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How will QTRA help me?

The legal duty

For most tree managers, trees are only part of their overall responsibilities and often only a small part.  As well as a moral responsibility there is a legal duty to manage for the safety of people affected by your undertakings and the management of trees is part of that duty.  When fatalities occur from tree accidents, they are such rare events that it is inevitable they will hit the press and that the scaremongers will use the opportunity to remind you how onerous and burdensome your duty really is.  Well here is some good news.  The duty of care need not be burdensome and the expectation of the regulators is actually quite a reasonable one.

QTRA Licenced User Training

You need not be an arborist or a forester to undertake the Licensed User training.  Many landowners and managers, with only a general knowledge of trees, have gained immeasurably from becoming Licensed Users of QTRA.  Most importantly, it must be recognised that those with an understanding of land-use and how people on your land interface with trees and the weather will bring a great deal to the tree risk assesment.  You need never assess the stability of a single tree to benefit from the concepts and principles of tree risk assessment and management that you will take away from our training.

Sharing the responsibility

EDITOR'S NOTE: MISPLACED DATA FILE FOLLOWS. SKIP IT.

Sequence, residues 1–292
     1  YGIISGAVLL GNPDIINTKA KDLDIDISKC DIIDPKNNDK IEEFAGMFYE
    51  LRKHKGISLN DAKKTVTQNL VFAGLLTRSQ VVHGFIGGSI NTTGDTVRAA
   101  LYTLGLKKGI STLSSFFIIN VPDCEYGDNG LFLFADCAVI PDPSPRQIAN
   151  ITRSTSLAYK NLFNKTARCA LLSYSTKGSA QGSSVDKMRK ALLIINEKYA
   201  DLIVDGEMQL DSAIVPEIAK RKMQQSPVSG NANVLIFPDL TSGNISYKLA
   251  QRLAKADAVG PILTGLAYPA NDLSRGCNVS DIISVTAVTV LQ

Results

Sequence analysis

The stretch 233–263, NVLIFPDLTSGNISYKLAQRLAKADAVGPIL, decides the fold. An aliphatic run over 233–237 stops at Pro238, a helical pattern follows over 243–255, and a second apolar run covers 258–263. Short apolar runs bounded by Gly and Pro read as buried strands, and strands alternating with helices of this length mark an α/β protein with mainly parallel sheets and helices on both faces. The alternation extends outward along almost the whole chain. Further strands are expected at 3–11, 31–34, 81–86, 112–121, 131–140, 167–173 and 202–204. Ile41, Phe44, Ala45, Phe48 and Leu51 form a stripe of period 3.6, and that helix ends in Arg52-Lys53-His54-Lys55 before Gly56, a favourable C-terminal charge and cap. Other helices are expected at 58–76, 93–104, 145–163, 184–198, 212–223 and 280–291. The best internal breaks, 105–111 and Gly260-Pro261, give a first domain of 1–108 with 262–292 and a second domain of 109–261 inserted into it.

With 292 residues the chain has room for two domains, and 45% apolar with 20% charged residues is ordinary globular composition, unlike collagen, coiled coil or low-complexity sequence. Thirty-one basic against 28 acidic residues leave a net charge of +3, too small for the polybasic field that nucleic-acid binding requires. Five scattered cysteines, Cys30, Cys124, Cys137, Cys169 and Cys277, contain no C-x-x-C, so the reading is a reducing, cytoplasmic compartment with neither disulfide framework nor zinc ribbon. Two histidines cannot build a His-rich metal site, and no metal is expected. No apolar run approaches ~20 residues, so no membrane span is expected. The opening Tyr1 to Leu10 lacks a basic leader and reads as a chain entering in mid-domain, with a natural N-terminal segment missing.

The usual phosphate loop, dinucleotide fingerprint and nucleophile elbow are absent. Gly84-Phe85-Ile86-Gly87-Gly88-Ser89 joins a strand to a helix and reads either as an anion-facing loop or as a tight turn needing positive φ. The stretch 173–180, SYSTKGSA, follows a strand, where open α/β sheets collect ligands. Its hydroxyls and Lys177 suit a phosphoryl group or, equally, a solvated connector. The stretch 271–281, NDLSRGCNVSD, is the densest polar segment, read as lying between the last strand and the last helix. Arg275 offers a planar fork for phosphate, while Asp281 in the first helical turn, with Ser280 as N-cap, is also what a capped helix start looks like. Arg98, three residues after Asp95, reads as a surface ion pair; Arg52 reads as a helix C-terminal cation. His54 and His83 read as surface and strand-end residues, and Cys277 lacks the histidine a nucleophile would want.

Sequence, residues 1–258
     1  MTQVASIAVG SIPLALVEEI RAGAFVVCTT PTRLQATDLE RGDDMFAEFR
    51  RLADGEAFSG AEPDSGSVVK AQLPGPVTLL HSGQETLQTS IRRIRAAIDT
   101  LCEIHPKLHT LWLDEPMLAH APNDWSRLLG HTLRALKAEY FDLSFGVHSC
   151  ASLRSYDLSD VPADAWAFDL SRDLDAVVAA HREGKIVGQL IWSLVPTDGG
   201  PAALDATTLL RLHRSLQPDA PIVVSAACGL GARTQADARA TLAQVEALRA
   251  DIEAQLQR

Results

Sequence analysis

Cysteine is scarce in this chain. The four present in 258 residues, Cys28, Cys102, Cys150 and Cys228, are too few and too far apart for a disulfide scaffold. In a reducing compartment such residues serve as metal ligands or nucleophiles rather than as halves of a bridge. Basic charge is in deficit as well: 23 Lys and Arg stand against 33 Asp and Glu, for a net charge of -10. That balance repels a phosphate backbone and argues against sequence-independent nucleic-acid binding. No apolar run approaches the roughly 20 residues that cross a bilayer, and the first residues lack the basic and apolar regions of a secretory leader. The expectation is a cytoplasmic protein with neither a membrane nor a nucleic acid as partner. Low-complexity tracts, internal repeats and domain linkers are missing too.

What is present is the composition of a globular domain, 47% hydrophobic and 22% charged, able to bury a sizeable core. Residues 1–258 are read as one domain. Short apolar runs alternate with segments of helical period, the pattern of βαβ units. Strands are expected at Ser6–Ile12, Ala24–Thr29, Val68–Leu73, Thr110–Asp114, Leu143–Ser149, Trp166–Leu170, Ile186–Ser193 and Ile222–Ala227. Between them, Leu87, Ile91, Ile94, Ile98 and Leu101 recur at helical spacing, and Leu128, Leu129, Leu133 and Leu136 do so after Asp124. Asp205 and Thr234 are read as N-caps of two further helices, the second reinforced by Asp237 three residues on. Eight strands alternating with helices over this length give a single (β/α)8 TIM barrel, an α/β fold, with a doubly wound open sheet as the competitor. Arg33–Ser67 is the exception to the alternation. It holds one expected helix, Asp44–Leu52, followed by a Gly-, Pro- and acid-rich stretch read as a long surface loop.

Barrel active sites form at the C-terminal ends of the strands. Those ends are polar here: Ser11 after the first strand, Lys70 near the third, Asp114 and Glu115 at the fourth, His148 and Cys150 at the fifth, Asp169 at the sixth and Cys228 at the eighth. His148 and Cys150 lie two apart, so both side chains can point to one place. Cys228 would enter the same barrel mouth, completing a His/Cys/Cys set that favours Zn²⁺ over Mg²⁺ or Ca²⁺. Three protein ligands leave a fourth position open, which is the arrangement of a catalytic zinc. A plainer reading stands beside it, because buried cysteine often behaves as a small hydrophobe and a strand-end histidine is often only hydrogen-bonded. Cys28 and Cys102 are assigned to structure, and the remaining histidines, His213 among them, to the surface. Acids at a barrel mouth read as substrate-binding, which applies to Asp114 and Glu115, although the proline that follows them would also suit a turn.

Arborists are engaged by landowners to assess the safety of trees, often with the express intention of establishing whether or not the trees are ‘safe’. Frequently, there is the expectation that liability can be shifted from the landowner onto the arborist and their professional indemnity insurer, but in reality, it is all too easy for the arborist to place the liability squarely back with the landowner by specifying some form of remedial work and by placing time limits on their advice. How else can the arborist reasonably deal with the question of ‘safe or unsafe’? An inevitable result of this ‘risk table-tennis’ is that many landowners spend far more on tree safety than is reasonable and many more spend nothing.

 

By sharing the risk management process between landowners and the arborists they employ, a reasonable position can be reached where both discharge their duty of care without disproportionate cost. The cost of tree safety management extends far beyond the financial, with potential degradation of the landscape, ecological resources and the wider amenity.  As a tree manager, your position will be strengthened through a better understanding of the risks.